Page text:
April’s National Arbor Day reminds us to be grateful for trees. One way to discover and appreciate the beautiful trees in this area, as well the flowers and wildlife, is to explore the Hot Springs National Park trails.
Short trails and long trails, gentle trails and challenging trails – all are found in Hot Springs National Park and provide not only natural vistas but views of the city that are incomparable.
Twenty-two trails, varying from 0.01 to 9.7 miles in length, wander through park land on Hot Springs, North and West mountains, and the long Sunset Trail crosses several mountains. The mountains, part of the Zig Zag Range of the Ouachitas, include glades, watersheds, and mature Southern mixed pine and hardwood forest landscapes that deserve to be seen up close. Before planning a walk, visit the Visitors Center in the Fordyce Bath House on Bathhouse Row and purchase "Trails of Hot Springs National Park," a booklet that gives detailed descriptions of each trail and helpful directions, such as which path to take when trails intersect.
On the 1.4-mile Oertel Trail on Hot Springs Mountain, you can follow what was once part of the historic Oertel Fitness Trail system, completed in 1915 but now a thing of the past. Based on the theories of Dr. Max Oertel, an early proponent of graduated exercise to strengthen the heart muscle, each of the four paths was designed to create a different level of difficulty and color-coded accordingly with painted concrete markers. Yellow was the easiest and red, the section partially followed on the modern trail, the most challenging.
Floral Trail on North Mountain and Hot Spring Mountain is famous for its abundant spring dogwoods. Goat Rock Trail on North Mountain offers views of Indian Mountain and east Hot Springs from glades of wildflowers. You pass under enormous novaculite boulders on the trail and can climb a stairway to Goat Rock Overlook.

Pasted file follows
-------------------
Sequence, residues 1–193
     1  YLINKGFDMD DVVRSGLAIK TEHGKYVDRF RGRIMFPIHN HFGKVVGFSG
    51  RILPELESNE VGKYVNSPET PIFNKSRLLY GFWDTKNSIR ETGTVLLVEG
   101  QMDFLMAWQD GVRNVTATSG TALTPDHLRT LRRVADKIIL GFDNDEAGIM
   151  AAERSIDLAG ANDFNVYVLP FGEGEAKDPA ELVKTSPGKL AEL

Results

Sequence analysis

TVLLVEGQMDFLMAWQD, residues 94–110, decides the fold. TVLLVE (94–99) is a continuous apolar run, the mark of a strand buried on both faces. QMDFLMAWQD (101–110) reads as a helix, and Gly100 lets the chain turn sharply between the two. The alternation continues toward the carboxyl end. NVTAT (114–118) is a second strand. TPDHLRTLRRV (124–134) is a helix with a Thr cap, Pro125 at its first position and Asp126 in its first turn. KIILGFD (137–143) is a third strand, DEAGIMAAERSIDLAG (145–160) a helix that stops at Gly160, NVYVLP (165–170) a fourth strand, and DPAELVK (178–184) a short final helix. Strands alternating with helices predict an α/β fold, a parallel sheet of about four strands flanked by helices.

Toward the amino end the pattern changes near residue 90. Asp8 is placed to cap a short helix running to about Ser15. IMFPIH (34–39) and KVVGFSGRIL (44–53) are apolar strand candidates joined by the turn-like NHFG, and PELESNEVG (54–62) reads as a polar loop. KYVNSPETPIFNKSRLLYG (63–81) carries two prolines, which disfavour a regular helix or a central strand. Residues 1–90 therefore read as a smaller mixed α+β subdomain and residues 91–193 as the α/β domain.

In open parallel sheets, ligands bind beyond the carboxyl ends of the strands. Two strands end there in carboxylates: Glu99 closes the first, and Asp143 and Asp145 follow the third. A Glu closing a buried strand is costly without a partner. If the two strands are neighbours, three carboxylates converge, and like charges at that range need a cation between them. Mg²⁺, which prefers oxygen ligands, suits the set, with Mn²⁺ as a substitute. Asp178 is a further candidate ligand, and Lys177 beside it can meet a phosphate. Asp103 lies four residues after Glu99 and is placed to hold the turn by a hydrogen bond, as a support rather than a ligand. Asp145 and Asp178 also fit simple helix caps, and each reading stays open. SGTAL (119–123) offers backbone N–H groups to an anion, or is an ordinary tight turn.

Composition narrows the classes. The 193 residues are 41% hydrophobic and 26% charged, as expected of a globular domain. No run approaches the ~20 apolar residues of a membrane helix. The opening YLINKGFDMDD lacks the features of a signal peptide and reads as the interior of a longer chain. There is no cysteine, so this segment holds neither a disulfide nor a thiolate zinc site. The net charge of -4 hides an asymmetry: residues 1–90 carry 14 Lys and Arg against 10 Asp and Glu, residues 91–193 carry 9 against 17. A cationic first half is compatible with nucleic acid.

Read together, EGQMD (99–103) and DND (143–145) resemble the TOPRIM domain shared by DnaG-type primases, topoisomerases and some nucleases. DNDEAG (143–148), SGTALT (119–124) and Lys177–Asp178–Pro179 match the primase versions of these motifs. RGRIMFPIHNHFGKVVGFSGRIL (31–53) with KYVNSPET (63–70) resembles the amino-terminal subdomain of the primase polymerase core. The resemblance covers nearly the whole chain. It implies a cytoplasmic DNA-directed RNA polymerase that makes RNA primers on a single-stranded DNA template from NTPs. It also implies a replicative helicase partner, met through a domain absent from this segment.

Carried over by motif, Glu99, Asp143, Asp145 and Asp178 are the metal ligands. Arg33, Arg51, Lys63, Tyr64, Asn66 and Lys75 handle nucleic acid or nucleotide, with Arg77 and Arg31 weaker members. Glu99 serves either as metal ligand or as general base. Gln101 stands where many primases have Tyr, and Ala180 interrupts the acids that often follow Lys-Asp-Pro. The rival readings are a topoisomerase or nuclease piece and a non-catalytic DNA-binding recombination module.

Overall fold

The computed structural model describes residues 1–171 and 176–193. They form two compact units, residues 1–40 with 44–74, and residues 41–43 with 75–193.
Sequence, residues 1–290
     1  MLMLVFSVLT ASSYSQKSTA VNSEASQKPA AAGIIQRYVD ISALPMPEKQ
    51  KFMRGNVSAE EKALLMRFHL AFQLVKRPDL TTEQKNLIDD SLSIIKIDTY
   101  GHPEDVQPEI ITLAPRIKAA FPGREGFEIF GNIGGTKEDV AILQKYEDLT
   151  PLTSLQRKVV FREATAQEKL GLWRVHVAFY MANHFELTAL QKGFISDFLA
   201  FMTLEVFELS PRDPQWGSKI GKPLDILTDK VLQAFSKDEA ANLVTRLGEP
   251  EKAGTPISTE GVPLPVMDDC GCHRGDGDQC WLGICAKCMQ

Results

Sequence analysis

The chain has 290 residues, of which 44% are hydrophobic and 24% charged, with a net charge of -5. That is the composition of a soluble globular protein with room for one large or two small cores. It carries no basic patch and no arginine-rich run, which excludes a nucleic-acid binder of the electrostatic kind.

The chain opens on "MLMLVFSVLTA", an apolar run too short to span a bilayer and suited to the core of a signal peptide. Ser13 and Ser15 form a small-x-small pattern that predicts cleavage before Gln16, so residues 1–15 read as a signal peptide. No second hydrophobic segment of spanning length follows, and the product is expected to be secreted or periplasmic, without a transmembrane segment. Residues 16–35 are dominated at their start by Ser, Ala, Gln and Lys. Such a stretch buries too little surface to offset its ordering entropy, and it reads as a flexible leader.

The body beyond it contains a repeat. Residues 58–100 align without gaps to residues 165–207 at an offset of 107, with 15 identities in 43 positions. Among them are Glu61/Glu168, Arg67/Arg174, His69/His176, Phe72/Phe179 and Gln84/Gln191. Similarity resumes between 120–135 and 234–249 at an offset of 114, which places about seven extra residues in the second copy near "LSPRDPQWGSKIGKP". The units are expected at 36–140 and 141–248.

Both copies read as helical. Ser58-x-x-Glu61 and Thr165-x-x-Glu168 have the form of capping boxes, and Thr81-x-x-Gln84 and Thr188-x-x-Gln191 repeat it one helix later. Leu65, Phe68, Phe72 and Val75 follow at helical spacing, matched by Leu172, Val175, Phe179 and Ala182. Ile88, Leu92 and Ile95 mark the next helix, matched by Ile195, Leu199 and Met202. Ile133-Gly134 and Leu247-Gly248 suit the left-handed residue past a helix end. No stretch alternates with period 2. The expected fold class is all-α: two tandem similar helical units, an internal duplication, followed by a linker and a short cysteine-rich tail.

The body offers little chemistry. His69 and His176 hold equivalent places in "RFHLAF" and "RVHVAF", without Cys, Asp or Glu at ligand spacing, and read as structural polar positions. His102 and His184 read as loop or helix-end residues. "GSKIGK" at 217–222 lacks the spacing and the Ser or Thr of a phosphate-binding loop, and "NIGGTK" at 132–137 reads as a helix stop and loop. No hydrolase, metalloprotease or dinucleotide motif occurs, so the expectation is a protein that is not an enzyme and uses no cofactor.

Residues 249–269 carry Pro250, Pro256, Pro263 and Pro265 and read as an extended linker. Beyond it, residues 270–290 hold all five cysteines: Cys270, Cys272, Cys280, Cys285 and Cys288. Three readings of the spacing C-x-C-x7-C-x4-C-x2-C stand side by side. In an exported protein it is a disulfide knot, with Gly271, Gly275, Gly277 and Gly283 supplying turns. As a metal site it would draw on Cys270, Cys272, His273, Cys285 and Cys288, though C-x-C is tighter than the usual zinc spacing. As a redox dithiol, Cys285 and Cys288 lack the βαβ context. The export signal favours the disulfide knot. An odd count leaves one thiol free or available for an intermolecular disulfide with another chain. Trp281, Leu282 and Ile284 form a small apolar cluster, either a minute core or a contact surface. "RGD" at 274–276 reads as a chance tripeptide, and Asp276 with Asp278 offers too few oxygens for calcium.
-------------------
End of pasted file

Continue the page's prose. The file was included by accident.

Many enjoy the pleasant 1.7-mile loop on the Hot Springs Mountain Trail. It starts at the pagoda shelter just below Hot Springs Mountain Tower and winds down through mixed hardwoods and pines.
Want to see pine warblers all year round? Tackle Mountain Top Trail on West Mountain. Want to enjoy the most wonderful display of dwarf crested iris in the park? Walk West Mountain Trail. Want to really challenge yourself? Try the 9.7-mile Sunset Trail, which goes across all types of terrain and meanders through less-frequented areas that are home to wild turkey, white-tailed deer, and many species of wildflowers.
You can take on this trail one section at a time. Section 1 on West Mountain (2.9 miles) connects West Mountain and Blacksnake Road. Section 2 on Sugarloaf Mountain (2.8 miles) connects Blacksnake Road and Cedar Glades Road, and its last part takes you to Balanced Rock, an oddly shaped novaculite outcropping. Section 3 on Stonebridge Road (4 miles) connects Cedar Glades Road and Gulpha Gorge. Part of this section leads you to Ricks Pond, a haven for beaver, Louisiana heron, and other water-loving animals.
To learn more about the trails, visit http://www.nps.gov/HOSP, the Hot Springs National Park web site. Hiking the trails is a great way to celebrate the natural wonders of this area, including our beautiful trees.
For more information, the Garland County Historical Society may be contacted by email at [email protected], phone at 501-321-2159, or at garlandcountyhistoricalsociety.com.
Gallery: TIME TOUR: Hitting the Trails of Hot Springs National Park